Bristol Greens have been campaigning for improvements in the city’s poor air quality for as long as there have been Bristol Greens. So when news of the mayor’s ‘bold’ clean air proposals were unveiled, some might have expected us to be celebrating – unfortunately, having dug into the reports accompanying these, we’ve got serious concerns.
In February 2016, we proposed a budget amendment to allocate funds to develop a plan for a Clean Air Zone for Bristol. That was voted down by Labour and the Conservatives, but after a strong campaign and thousands of petition signatures our motion proposing a number of actions the council could take immediately to start improving the city’s air quality, including a commitment to implement a Clean Air Zone, was voted through with unanimous support in November that year.
Work got off to a good start under the Green member of the mayor’s rainbow cabinet (remember that?) and chair of the mayoral task force on clean air Fi Hance. Government funding was secured for a feasibility study to explore different types of Clean Air Zones, as well as to retrofit polluting buses and provide electric vehicle infrastructure.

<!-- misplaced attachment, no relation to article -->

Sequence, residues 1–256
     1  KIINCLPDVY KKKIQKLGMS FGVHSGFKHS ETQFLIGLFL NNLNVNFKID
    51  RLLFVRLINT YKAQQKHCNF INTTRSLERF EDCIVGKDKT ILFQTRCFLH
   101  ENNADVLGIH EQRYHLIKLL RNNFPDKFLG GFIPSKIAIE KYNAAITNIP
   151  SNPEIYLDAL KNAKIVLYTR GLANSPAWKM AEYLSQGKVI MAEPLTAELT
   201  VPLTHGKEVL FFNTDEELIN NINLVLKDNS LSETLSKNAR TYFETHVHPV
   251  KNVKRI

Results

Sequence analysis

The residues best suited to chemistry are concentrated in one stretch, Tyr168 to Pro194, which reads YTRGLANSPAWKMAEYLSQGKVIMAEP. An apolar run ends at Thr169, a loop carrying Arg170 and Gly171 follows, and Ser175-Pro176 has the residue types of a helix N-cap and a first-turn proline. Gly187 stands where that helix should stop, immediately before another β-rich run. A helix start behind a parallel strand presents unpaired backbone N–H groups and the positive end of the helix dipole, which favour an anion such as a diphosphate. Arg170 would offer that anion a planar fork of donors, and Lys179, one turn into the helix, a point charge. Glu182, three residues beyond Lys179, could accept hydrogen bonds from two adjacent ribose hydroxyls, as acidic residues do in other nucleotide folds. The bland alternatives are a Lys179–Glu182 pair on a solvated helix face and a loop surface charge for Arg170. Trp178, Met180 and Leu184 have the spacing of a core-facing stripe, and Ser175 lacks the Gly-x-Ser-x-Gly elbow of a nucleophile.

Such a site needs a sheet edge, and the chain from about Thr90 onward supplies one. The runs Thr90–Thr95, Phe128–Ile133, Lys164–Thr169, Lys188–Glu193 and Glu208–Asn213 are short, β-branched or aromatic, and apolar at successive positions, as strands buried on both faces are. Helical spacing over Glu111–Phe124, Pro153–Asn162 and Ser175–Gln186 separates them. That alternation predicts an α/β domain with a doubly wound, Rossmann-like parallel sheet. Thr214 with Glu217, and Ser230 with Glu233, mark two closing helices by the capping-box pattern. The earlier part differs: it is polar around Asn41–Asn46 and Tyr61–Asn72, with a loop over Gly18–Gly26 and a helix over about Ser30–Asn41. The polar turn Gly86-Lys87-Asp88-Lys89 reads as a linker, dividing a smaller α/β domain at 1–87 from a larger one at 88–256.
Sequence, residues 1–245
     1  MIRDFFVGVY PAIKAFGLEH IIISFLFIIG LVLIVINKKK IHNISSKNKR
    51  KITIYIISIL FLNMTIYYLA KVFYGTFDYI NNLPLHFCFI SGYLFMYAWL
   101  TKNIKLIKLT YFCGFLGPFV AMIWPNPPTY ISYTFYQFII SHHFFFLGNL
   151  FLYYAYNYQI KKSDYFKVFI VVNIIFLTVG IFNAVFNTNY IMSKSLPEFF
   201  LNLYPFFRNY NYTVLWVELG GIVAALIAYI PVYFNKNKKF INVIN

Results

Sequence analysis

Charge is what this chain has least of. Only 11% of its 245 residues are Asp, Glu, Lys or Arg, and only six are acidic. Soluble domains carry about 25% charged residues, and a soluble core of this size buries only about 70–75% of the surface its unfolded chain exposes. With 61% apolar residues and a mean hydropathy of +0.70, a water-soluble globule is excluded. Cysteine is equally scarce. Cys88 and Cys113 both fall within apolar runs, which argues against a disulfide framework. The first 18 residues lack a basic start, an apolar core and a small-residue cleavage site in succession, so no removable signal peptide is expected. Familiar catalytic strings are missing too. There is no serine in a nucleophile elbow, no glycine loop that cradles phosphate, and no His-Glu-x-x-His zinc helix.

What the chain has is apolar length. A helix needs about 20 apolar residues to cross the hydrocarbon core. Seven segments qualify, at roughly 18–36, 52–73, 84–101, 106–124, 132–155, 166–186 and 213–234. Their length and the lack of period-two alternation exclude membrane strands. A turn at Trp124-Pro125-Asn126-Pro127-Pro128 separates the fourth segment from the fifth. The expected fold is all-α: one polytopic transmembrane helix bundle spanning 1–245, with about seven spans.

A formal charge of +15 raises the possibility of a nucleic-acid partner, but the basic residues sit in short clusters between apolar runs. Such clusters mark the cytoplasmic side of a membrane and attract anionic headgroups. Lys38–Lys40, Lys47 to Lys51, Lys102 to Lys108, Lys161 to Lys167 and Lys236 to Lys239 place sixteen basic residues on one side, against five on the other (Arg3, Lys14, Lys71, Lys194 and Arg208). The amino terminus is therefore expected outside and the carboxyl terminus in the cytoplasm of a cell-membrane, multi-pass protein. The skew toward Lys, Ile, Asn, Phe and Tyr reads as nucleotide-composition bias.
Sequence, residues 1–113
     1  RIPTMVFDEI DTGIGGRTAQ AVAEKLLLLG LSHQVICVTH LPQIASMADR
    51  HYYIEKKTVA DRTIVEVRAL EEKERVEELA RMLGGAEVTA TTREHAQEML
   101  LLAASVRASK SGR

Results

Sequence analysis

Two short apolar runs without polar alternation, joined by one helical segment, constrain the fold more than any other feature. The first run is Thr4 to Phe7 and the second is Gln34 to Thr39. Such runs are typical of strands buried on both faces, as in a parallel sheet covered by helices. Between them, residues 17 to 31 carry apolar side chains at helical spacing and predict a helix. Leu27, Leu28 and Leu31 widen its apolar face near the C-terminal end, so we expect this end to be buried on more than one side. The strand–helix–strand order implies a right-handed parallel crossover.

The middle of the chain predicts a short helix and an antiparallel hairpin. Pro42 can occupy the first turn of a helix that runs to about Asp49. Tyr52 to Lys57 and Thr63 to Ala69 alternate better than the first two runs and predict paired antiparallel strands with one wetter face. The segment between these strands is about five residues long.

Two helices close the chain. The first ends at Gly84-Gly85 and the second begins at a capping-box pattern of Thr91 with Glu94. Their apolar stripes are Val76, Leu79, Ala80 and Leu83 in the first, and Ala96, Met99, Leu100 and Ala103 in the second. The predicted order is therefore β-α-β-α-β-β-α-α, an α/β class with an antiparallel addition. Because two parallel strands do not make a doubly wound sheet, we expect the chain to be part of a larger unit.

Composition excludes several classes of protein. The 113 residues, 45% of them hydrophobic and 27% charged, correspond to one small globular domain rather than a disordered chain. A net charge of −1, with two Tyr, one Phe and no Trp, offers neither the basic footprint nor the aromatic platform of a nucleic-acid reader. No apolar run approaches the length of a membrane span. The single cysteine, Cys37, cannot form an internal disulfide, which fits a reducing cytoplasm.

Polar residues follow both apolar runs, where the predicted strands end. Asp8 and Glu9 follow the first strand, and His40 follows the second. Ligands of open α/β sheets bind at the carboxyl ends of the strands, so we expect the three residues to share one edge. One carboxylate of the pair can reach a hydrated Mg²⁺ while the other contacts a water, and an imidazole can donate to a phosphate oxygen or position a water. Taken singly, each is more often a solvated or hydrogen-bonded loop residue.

However, after the mayor removed other parties from the cabinet and took responsibility for air quality himself, it became clear that he was determined to rule out the option which showed the most rapid improvement in the city’s air, as it would also have an impact on private cars.
Masking this with concern for lower-income households, the mayor conveniently ignored the fact that the poorest fifth of the population is the least likely to have access to a car, and that many of Bristol’s most deprived people live in the areas most affected by air pollution.
The most effective option from the council’s initial study – a zone which charged all polluting vehicles – was not taken to public consultation in the summer.
Now, after months of mysterious delays, key reports hidden from the public and councillors, threats of legal action from the government and repeated missed deadlines, we finally have a first plan. However, there are worrying signs that instead of policy being based on the evidence, the evidence is being shaped to fit the mayor’s policy.
In supporting reports, reviewed data and different modelling were applied only to the mayor’s preferred option, making it appear to be the fastest option to clean up the city’s air.
This proposed ‘hybrid option’, a complicated combination of two options the public were consulted on in June, would have less impact on private car use across the city than the ‘benchmark’ charging zone demanded by the government and underway in other cities.
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In a meeting on October 30, a council officer admitted that a different combination of measures would reduce air pollution faster than the mayor’s choice – something which would have been obvious to officers and the mayor a long time ago but was nevertheless left off the table.
But as well as not being the fastest possible option, the proposed ‘hybrid’ plan is risky.